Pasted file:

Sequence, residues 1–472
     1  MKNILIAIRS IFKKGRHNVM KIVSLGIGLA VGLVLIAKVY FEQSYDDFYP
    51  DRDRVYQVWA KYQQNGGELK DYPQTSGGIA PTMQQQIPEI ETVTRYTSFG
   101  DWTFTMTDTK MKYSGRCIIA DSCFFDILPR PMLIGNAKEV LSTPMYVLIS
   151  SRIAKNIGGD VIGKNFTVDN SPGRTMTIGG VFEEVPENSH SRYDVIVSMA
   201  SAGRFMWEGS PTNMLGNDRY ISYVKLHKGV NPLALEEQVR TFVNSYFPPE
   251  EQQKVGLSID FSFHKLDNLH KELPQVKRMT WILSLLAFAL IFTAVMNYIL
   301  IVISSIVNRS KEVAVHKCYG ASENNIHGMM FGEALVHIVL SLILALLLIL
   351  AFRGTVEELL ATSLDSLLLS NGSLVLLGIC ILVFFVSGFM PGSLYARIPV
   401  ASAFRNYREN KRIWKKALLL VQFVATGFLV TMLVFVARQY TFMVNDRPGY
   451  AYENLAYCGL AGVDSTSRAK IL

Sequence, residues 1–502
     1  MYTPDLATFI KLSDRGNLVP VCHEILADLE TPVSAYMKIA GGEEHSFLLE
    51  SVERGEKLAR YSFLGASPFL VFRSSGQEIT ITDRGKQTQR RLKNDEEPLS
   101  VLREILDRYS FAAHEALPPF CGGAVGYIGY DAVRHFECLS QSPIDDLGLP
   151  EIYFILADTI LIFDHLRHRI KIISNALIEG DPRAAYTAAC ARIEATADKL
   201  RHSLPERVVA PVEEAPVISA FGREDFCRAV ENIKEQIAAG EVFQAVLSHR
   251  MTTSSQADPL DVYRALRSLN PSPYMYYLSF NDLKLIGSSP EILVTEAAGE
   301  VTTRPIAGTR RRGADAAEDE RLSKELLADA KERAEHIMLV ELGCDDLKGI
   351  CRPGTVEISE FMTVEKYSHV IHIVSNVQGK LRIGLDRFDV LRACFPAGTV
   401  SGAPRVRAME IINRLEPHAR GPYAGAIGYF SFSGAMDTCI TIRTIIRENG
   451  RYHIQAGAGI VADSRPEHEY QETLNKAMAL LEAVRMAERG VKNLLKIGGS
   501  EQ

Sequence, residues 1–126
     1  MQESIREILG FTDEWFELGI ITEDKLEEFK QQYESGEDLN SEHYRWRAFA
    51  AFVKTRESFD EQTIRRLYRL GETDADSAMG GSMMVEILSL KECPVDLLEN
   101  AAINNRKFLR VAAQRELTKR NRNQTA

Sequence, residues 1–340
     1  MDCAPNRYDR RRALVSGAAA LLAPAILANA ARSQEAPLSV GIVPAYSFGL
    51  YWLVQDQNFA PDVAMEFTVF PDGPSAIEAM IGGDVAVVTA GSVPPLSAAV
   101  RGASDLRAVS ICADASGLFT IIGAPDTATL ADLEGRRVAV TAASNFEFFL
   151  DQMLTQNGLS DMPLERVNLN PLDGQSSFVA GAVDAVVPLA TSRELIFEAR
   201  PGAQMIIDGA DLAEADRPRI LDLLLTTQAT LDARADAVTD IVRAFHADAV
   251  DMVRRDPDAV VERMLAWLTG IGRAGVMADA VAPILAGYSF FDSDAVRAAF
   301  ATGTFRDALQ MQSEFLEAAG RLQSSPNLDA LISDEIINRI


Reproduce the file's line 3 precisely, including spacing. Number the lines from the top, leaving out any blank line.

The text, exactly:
    51  DRDRVYQVWA KYQQNGGELK DYPQTSGGIA PTMQQQIPEI ETVTRYTSFG